The Social Networking EnvironmentThe latest set of Web technologies, commonly known as Web 2.0, has given Web users the ability to create and modify live Web content without the need to know Extensible Hypertext Markup Language (XHTML) and without having the technology to access Web servers. Constructing live Web content is now as easy as creating a word processed document. The ease of building live Web content by the lay-public is one reason the use of social networking sites ((SNS) have been increasing exponentially. FaceBook, MySpace, and Twitter have enrolled millions of users, many of whom have become dedicated followers. This concept has not escaped the business world. LinkedIn, PartnerUp and MeetTheBoss focus on the business user and entrepreneur. SNS’s have been in the news, used by law enforcement, caused national and international privacy debates, and have made it into the dictionary and achieved pop culture status.
The ProblemsOne of the top teaching and learning challenges is in creating learning environments that promotes collaborate learning. The X Gen student is well connected; sometimes so well connected it interferes with the learning process. As instructors, we see them in the class, more in tune with their host of i-devices, cell phones, text messaging and/or perusing the latest SNS news, rather than paying attention to what is going on in the class. Students do not want academics to be a part of their social networking world, just as they do not want their parents as friends in their SNS’s. Students do not seem to have an issue with the learning management system, or LMS, used by their school for uploading assignments, checking their grades, or getting announcements from the instructor. Some LMS’s have social networking components. These components may be an additional cost to the school, may be inflexible, and probably are dedicated to an individual cohort. One limitation of most LMS’s is students from different sections of the same course cannot virtually mix and mingle. Another problem is many instructors do not have the resources or sufficient technical knowledge to create an academic social networking site, or ASNS. Social networking software is available but can be expensive and requires technical expertise to establish and maintain. Open source LMSs are free but cannot be customized to the needs of the instructor and student.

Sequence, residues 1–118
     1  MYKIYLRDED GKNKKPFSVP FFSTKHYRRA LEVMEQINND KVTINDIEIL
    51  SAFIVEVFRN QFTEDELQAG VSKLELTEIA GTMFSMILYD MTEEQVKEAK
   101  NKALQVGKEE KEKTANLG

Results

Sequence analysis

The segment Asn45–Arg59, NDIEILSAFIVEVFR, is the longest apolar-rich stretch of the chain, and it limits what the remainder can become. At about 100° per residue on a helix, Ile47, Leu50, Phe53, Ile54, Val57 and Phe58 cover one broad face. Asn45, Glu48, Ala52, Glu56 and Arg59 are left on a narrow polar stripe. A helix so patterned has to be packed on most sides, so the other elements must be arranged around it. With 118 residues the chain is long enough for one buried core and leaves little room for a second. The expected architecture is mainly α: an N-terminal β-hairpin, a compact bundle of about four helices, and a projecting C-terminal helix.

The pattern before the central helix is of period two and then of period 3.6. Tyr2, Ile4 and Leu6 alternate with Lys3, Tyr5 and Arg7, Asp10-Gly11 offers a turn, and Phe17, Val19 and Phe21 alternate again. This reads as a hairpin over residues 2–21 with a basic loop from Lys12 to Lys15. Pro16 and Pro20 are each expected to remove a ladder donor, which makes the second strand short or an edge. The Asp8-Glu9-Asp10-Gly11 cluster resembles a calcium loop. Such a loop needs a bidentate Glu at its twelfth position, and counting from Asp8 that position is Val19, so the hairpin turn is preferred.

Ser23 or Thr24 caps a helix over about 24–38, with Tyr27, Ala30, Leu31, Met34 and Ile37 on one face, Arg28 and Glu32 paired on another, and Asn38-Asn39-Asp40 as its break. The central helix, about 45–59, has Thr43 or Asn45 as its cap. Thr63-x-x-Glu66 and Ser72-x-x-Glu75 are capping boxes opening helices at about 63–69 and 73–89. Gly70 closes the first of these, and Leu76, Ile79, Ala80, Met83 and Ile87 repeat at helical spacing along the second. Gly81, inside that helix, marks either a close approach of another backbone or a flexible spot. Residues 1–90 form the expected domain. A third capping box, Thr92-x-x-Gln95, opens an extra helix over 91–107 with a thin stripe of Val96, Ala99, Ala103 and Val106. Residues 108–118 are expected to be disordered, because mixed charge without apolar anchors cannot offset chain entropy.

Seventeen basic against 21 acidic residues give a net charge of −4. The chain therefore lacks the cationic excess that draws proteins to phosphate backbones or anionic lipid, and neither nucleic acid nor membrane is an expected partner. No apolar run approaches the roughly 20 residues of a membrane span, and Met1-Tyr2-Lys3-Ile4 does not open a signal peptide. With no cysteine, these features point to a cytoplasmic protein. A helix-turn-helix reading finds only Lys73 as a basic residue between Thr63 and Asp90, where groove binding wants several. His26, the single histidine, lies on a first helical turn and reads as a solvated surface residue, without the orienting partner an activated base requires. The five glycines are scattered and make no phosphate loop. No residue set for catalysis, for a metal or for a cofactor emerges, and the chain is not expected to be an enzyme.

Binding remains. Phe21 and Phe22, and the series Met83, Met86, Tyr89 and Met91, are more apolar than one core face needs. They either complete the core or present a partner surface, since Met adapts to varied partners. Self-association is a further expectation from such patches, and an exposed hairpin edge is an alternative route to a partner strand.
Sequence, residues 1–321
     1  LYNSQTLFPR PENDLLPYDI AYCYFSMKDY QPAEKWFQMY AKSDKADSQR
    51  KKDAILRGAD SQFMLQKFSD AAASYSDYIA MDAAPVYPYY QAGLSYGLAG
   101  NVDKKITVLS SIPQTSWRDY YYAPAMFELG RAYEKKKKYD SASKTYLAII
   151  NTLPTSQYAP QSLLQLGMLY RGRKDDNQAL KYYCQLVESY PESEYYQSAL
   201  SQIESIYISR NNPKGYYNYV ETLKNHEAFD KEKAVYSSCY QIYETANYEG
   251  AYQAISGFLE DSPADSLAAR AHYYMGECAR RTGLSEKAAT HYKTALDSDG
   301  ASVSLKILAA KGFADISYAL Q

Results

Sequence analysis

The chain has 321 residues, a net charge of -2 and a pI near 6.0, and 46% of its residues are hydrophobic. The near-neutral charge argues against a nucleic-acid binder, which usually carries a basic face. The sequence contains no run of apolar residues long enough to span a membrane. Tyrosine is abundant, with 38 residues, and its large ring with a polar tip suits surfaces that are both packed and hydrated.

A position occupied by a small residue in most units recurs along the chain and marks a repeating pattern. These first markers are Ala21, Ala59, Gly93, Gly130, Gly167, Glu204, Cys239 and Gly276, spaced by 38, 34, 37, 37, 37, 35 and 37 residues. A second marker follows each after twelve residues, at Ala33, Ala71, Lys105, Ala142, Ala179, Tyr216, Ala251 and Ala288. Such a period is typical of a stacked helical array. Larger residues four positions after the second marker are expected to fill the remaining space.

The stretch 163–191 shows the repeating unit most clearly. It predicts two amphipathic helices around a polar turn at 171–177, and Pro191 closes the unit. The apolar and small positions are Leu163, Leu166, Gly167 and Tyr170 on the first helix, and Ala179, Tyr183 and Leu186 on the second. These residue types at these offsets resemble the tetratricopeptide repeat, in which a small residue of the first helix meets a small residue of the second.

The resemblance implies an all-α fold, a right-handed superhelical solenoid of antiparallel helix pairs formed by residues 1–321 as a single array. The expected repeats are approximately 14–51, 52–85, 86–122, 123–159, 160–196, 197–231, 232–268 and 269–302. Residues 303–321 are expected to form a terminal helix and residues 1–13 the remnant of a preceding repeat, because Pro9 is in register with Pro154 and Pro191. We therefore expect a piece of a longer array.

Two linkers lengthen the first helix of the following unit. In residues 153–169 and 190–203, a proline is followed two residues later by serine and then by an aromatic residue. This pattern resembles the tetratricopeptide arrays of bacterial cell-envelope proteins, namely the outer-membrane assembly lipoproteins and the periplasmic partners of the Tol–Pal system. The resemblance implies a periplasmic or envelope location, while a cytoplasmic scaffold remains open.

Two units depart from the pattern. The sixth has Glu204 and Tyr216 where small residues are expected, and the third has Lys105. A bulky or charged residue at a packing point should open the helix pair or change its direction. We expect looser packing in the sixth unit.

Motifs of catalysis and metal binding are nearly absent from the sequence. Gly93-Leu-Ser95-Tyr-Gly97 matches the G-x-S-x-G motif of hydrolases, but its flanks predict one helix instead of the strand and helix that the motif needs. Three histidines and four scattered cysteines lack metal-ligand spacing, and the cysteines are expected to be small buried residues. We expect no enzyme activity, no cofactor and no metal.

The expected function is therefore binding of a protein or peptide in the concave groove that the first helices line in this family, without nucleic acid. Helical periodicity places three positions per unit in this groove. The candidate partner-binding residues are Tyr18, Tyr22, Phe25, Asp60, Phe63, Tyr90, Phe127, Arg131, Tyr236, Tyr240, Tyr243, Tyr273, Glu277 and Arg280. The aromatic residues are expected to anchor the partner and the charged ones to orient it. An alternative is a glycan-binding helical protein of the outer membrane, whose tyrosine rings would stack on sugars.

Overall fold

My idea was to provide an academic environment that closely mimics the familiar environment of an SNS. The demonstration will highlight an ASNS, which could be implemented as an arm’s length extension of the LMS. Not being a part of the LMS, the ASNS may appear to be more of a social gathering and informal virtual meeting place rather than an environment linked to the formal academic structure inherent in a LMS. Giving students the environment to meet and discuss issues in a virtual world, allows them to engage in academic topics in a modality that they are comfortable with, and in a more informal manner, without invading their SNS. Another advantage is students from a multi-section course can meet in the ASNS and discuss issues across sections. The novel characteristics of the solution are its low-cost, easy adaptation to suit user requirements, and minimal technical expertise required by an instructor. The solution includes using the content management system known as Drupal to create and maintain the ASNS. Drupal is an open source product that is well supported and very easy to use by non-technical faculty. The only cost is the fee for Web hosting. If a school’s information technology department already supports Drupal hosting, there would be no fees required. The demonstration will show the ease by which an ASNS can be created and maintained using Drupal, and how flexible it is in allowing additional components to be added or removed.
The features of the ASNS are similar to those of non-academic SNS which would include:
- Google calendar link
- Assignment calendar
- Text messaging
The ASNS created can be found at http://www.mrstats.info and is pictured below. It is scheduled for beta-testing in the Winter 2010 term and will go into full use by my students in the Fall 2010 semester. The plan is to monitor the students and write a report comparing the results of the treatment group against those students who have chosen not to partake in the ASNS.